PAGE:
The news that Brandeis University cancelled the honorary degree it was planning to give Ayaan Hirsi Ali has raised a storm of controversy. On one side were Muslims applauding the move as an apt recognition that Ali’s narrative was, if not Islamophobic in itself, fodder for the cannons of the rabid Islamophobic right. On the other were those protesting that the withdrawal represented a betrayal of freedom of speech and a cowardly retreat in face of the howling of religious zealots.
Personally, I think Brandeis should never have thought about awarding Ali with an honorary degree. Not because she is Islamophobic but because her “scholarship” is at best weak, and at worst fraudulent. Ali left Denmark amid huge controversy because she lied about her name, her birthdate, the circumstances in which she left her home country, and her family history, including the fact that she was fleeing an arranged marriage . That alone calls into question her personal testimony about her life and the nature of the Muslim society she grew up in.
More importantly, reading Ali’s description of life in Muslim countries and of Islamic theology, it becomes immediately clear that she paints circumstances with an overly broad, overly polemical brush. For instance, she says things like, “The veil is to show that women are responsible for the sexual self-control of men.” If you’ve read the Qur’an, you know that the Qur’an doesn’t ever directly tell women to cover their heads, and it certainly doesn’t tell men that they have free reign if a woman isn’t wearing a scarf. It does tell both men and women to be modest, and admonishes them against sexual relations outside of marriage, and to treat one another with respect, as allies in the quest to live a moral life.
As a progressive Muslim, I hope that this incident can spark a moment of self-reflection within the progressive Muslim community. Far too many progressive Muslim thinkers fall into the same pattern as Ali — resorting to hyperbole, oversimplification of issues, reductionism of the non-progressive Muslim community into a single theology, and essentialization of more conservative believers into religious automatons whose sole motivation comes from their belief, and even the exaggeration of personal history. While few attain to the heights of her rhetoric, the pattern is all too often the same.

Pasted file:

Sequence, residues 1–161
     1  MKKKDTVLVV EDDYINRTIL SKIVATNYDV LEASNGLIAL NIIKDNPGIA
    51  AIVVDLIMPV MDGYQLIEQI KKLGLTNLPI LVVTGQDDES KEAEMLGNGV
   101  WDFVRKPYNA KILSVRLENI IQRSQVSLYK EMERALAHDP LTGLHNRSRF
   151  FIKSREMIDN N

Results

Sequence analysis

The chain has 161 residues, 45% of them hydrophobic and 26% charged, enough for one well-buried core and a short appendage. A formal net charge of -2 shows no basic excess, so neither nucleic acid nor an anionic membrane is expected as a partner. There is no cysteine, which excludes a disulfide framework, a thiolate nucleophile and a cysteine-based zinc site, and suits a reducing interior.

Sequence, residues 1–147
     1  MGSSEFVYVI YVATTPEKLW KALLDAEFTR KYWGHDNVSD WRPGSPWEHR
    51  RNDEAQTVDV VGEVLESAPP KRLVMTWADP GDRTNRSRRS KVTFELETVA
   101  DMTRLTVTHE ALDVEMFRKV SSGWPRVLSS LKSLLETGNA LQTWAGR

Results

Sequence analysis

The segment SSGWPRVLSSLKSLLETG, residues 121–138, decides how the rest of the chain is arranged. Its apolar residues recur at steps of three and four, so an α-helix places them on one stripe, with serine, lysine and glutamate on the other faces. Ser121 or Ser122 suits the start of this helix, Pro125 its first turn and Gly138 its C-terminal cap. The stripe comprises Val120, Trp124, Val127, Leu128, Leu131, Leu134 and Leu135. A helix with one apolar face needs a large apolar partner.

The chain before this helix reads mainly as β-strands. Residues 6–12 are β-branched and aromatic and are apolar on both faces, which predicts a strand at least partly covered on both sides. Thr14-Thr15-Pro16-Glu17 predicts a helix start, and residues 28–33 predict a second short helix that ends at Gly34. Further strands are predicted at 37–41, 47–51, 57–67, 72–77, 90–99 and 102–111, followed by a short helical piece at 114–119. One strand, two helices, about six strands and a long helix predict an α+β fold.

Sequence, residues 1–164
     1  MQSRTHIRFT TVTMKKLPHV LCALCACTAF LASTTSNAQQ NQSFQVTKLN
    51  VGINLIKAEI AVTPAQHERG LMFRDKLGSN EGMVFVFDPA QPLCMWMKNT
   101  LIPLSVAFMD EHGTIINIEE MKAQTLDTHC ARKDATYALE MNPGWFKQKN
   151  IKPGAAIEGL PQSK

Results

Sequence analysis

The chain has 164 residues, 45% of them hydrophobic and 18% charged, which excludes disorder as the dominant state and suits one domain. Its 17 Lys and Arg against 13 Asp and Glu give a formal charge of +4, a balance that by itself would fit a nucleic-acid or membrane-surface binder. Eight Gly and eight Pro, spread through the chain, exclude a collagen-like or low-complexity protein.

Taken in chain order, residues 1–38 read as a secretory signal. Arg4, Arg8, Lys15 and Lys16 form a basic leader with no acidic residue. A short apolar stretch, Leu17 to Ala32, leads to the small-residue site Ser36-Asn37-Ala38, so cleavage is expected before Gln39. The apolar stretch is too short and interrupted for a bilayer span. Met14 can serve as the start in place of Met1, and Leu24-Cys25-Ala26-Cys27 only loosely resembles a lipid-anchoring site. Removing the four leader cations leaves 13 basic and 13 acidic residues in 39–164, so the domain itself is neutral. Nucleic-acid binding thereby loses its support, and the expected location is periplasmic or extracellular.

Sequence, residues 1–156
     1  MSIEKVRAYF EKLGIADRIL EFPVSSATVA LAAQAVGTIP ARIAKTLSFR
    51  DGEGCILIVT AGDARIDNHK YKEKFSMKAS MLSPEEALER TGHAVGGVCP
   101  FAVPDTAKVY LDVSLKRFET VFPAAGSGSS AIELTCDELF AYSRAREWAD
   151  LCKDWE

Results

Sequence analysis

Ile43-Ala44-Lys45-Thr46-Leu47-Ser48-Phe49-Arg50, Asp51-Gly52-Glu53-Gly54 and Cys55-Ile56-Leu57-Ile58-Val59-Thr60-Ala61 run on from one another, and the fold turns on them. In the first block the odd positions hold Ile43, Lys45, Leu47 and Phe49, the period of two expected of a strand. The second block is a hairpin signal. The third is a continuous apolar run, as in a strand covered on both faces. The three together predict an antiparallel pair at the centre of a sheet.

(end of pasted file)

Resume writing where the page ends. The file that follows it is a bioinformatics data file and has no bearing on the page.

Progressivism, if nothing else, calls for nuance and respect for different opinions. Indeed, it embraces diversity of thought and lifestyle as a positive good in and of itself. It calls for personal integrity and compassion for all. Equally important, it makes no excuse for sloppy scholarship. Progressive theology and progressive interpretations of the Qur’an should not only be nuanced and welcoming of multiplicity, but also rigorous and self-consistent, without cherry picking or mercurial application of theological principles. Not only is it more honest and true to our principles, but it will be far more effective in winning hearts and minds.
What makes me saddest is that in fact women in many Muslim countries are terribly discriminated against, facing legal double standards, fgm, molestation, and second class citizenship. And that the Qur’an is sometimes used to justify terrible things and discriminatory laws, but people like Ali, because of the extremism in their arguments and rhetoric, actually hurt the ability of reformers, women’s rights supporters, and moderate or progressive theologians to address these issues. Rather she catapults Muslim societies and thinkers into defense mode, at which point change from within become extremely unlikely. Progressive and reform minded Muslims need to be aware of the impact of their exaggeration, their overly broad stereotyping, and harsh critiques, and how it actually impedes our ability to do the work we care about most – improving the lives of women, safeguarding children, and ensuring that all human beings have the ability to live in dignity with freedom of self-expression, freedom of conscience, freedom of thought, and freedom of religion.